Still, the city was supposed to come up with a contingency plan for the offline reservoir.
"Well, that's great," Amtower said, "but how are you going to pay for it?"
To come up with a fix once the water did get dangerously low took a couple days from the time the city notified the PSC on Sept. 12 that it would be rationing water until Tuesday, when Amtower said utility customers could use water freely again.
At first, city officials struggled to find a solution. Then they struggled to find materials. Then they struggled to find money.
Eventually, they decided they would stick a pipe in another part of the New Creek, from which they draw water.
This second intake would be at the end of the creek where it flows into the north branch of the Potomac River. The goal was to get water from the river without going into the river, which is mostly if not entirely controlled by Maryland.
As Delegate Gary Howell, R-Mineral, put it, officials were "hoping the Potomac will flow backwards if we suck enough water out of the (creek)."
Howell said Maryland officials said they could fast-track a permit for Keyser to draw water from the Potomac if need be.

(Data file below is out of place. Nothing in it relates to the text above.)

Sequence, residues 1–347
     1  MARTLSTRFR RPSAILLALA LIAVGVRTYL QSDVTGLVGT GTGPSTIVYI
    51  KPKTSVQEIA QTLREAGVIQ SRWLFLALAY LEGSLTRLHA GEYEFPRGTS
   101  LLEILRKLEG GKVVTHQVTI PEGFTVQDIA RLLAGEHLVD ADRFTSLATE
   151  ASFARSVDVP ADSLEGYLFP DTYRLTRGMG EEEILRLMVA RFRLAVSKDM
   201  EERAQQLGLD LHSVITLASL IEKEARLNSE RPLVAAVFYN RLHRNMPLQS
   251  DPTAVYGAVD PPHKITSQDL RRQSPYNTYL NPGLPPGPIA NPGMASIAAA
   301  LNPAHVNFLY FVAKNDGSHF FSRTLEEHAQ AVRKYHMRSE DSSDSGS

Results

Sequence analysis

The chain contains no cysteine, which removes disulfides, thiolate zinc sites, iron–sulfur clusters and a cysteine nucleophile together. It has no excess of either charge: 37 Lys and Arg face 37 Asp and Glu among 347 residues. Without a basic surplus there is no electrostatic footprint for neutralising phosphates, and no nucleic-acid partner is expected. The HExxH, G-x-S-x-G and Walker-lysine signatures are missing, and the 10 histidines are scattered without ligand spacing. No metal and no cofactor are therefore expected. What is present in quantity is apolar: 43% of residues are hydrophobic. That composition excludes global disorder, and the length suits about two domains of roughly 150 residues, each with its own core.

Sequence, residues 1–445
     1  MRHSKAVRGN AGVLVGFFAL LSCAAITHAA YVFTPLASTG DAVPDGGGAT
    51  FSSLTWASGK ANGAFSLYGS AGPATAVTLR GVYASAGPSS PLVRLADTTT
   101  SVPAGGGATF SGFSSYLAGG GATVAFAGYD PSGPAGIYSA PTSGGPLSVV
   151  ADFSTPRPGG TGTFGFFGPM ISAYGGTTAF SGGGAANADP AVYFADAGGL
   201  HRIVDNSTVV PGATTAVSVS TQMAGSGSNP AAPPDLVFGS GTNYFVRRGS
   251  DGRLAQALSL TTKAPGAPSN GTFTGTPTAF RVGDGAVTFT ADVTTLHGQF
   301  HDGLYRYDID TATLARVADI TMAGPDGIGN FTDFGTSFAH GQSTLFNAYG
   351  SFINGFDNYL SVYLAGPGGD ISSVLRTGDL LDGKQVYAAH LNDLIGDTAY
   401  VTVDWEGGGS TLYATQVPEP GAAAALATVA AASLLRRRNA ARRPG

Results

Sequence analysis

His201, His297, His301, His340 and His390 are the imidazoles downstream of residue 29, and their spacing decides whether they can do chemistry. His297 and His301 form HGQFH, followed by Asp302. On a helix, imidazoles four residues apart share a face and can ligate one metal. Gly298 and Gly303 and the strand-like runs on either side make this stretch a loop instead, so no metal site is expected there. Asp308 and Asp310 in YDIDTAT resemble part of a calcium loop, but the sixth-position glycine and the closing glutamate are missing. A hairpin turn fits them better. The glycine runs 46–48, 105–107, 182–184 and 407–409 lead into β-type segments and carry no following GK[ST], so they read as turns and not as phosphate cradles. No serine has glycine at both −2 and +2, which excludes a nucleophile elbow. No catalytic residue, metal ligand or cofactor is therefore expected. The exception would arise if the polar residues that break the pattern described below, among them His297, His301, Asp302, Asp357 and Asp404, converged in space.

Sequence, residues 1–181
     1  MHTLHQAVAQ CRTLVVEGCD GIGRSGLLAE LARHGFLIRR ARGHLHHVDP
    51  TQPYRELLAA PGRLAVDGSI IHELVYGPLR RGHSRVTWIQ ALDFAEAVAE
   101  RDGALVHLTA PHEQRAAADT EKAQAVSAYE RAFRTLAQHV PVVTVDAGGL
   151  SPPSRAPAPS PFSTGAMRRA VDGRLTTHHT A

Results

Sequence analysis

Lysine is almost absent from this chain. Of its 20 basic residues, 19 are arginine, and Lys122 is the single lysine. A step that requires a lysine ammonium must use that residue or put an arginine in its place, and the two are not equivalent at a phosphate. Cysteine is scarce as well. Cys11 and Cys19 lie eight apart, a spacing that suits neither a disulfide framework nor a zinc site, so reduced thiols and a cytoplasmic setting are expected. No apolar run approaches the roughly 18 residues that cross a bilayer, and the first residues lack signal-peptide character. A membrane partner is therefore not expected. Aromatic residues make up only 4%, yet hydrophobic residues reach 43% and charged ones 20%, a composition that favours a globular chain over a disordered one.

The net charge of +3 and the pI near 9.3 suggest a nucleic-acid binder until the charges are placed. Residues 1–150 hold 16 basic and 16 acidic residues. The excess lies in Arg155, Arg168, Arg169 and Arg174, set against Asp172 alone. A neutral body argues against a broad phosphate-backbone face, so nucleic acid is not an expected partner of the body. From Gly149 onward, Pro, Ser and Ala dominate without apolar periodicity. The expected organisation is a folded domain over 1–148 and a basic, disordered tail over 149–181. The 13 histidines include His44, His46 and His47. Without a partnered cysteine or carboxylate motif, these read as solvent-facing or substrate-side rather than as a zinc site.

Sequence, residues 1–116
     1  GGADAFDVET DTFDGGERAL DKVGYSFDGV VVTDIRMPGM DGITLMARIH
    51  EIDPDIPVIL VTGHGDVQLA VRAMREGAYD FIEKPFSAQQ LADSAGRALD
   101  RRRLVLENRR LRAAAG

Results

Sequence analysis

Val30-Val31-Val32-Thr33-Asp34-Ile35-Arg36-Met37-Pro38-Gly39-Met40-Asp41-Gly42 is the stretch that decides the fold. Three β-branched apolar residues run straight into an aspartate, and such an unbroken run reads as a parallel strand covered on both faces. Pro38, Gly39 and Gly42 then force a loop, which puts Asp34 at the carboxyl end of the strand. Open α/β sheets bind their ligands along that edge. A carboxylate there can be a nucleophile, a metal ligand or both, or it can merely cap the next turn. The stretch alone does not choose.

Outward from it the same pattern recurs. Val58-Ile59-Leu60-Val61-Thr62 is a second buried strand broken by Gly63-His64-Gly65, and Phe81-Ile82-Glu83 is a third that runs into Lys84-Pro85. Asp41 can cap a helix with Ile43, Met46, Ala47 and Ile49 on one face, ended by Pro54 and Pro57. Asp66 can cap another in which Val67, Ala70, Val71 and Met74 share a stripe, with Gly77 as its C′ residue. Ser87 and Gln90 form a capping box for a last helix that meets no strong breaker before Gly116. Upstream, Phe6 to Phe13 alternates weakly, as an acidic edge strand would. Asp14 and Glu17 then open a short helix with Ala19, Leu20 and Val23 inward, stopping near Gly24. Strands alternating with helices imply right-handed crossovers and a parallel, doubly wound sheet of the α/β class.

Howell said local officials contacted Tomblin's office by the middle of the last week but didn't hear back until the end of the week.
Then the Governor's Office, Mineral County and Keyser officials came up with a plan to eventually provide Keyser officials with $50,000 for the project. The county would quickly provide Keyser with money that the state would later repay.
In any event, city crews, councilmen and the mayor began their work in earnest about 6 a.m. Saturday, Amtower said. They got into the middle of New Creek and began laying a mile of pipe up the middle of the creek, from the Potomac toward the water treatment plant.
They finished laying the pipe at 2 a.m. Sunday morning, Amtower said. Using a pump provided by a Chesapeake Energy contractor, they worked through the morning and got water flowing by 1 p.m. Sunday.
That effort - combined with additional dredging of a spot near a treatment plant intake and the rains - ended the emergency measures about 3 p.m. Tuesday.
The pipe up the middle of the river is a temporary fix until Dam Site 14 is back online.
"It's pretty evident now that problems can develop in a short amount of time," Amtower said.